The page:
The stove was made in three sizes, the largest being 1 m in diameter with a 1.8 m diameter base and of 2.7 m high. It consumed about 200 kg of coke a week and was said to be capable a heating a space of 120 000 ft3. It was very heavy, at a time when there was a popular belief that heat output depended on the mass of metal in the stove.

By 1897 (the year of the founding of the IHVE) a London Warming advertisement claimed ‘over 10 000 churches, schools, government and other public and private buildings successfully warmed by our system’. This included some 22 cathedrals; working examples (converted from solid fuel) can still be seen in Hereford, Chester and Ely Cathedrals and in Tewkesbury Abbey.

comments (16)

A remarkable piece of engineering that makes a good photo, Bill.
Bill Phillips: They are interesting things. I had seen them before but never really gave them any thought
  • sherri
  • Little Rock, Arkansas, USA
  • 7 Jun 2018, 03:03
an amazing background

love the patterns here and whenever typography is involved that's an added bonus
Bill Phillips: The victorians built things to impress and last
Very cool!!!
Bill Phillips: Hopefully very warm E
  • Philine
  • Germany
  • 7 Jun 2018, 06:43
This is a very interesting engineering! I was in Hereford, Chester and Ely Cathedrals, but I never these elegant pieces of the Warming & Ventilation Company.
Bill Phillips: You will have to keep an eye out for them Philine
  • Chris
  • Not Nowhere
  • 7 Jun 2018, 06:44
I have seen examples in churches myself. Well I guess they work well..
Bill Phillips: They were certainly built to last and the fact that they have been converted to gas suggests they work well
  • Astrid
  • Nederland
  • 7 Jun 2018, 07:13
I have seen one of those stoves in England, very impressive, Bill.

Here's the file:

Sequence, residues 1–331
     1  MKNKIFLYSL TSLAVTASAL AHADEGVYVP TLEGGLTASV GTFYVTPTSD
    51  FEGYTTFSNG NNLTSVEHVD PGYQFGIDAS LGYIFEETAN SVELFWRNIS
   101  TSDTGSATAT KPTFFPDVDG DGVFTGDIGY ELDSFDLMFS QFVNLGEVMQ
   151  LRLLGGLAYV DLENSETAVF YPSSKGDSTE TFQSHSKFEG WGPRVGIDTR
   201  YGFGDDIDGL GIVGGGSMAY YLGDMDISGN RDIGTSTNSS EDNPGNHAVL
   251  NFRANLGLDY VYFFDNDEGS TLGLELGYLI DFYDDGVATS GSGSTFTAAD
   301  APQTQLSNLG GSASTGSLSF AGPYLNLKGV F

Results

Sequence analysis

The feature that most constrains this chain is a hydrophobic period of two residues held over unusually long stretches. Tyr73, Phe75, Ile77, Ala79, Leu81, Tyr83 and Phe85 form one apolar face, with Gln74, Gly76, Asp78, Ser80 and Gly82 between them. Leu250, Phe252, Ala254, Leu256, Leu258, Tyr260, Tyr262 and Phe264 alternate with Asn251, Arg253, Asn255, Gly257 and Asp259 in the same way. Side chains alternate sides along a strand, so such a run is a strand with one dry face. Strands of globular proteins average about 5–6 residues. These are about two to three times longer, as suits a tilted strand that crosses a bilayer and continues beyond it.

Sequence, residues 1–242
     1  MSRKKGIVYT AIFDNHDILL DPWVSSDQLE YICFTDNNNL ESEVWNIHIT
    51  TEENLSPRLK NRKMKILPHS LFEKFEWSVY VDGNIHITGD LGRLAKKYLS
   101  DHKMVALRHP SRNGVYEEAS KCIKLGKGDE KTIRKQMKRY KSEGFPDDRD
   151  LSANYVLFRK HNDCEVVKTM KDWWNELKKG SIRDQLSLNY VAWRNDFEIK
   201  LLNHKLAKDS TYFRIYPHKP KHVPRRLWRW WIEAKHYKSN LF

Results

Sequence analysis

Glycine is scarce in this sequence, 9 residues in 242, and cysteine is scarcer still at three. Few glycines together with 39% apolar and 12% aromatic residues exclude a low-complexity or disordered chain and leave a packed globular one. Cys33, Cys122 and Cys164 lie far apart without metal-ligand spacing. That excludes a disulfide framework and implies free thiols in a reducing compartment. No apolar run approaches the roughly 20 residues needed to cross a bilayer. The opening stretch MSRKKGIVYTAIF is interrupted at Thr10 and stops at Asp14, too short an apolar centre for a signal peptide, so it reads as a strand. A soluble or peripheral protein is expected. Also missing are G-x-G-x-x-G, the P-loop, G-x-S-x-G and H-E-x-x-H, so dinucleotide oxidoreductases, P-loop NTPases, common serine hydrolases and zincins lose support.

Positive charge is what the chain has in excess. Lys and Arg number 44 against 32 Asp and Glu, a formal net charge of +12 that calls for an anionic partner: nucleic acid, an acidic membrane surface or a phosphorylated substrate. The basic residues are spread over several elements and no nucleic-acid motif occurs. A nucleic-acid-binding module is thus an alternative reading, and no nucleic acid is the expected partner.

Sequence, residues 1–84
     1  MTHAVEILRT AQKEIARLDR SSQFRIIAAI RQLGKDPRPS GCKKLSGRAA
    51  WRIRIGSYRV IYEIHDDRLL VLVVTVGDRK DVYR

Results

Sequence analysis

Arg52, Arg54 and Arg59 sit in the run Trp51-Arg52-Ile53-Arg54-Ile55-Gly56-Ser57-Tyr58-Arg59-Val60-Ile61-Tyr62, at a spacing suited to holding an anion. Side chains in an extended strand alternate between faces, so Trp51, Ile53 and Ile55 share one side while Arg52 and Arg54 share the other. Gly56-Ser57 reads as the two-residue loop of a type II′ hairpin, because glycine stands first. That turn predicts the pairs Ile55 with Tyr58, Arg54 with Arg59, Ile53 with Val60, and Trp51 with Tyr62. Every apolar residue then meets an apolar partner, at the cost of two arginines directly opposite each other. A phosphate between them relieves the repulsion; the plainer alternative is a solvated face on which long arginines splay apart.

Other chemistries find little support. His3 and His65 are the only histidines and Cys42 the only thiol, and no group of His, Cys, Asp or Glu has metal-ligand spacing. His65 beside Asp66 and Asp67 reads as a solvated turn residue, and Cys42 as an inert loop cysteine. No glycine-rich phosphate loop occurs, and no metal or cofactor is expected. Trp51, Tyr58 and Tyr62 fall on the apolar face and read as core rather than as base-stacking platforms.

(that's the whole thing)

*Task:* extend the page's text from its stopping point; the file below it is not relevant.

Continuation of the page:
Bill Phillips: They are Astrid. A great piece of Victorian engineering
  • Alan
  • Great Britain (UK)
  • 7 Jun 2018, 07:51
There.. I said it looked like some sort of furnace. What's my prize? What a wonderful contraption.
Bill Phillips: I will ask Ange to make you a scone next time you visit Droitwich
  • Lisl
  • England
  • 7 Jun 2018, 08:10
Beyond guessing, Bill
Bill Phillips: It is a fine contraption though
  • gutteridge
  • Somewhere in deep space
  • 7 Jun 2018, 11:37
The contraption is a work of art Bill, well photographed.
Bill Phillips: I am obliged to you
Like Chris I've come across these things in churches where they are still in use.
Bill Phillips: They are quite something!
  • Anne
  • United Kingdom
  • 7 Jun 2018, 15:22
What a lovely piece of engineering.
Bill Phillips: Classic Victorian
ah, so this is what it was. and these cooling fins are so widely used now in heat transfer applications. i am quite impressed by his switch from surgery to an engineering patent, Bill
Bill Phillips: Our Victorian forebears were versatile Ayush grin
I do believe I've seen one of these somewhere - but I can't remember where!
Bill Phillips: I think there are still some in churches around the country apart from the cathedrals mentioned in the text tom
In fact I was wondering what it was, then I read the spiagazioni, an ancestor of the radiator. I think,
Bill Phillips: To some extent, but also designed to moisten the air
i take it that this is a Gurney stove Bill... it sure looks cool and it gave you a great picture....petersmile
Bill Phillips: One of his finest Peter
Excellent monument for sure.
Bill Phillips: A grand old thing

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for this photo I'm in a any and all comments icon ShMood©
camera PENTAX K-3 II
exposure mode aperture priority
shutterspeed 1/8s
aperture f/4.5
sensitivity ISO3200
focal length 90.0mm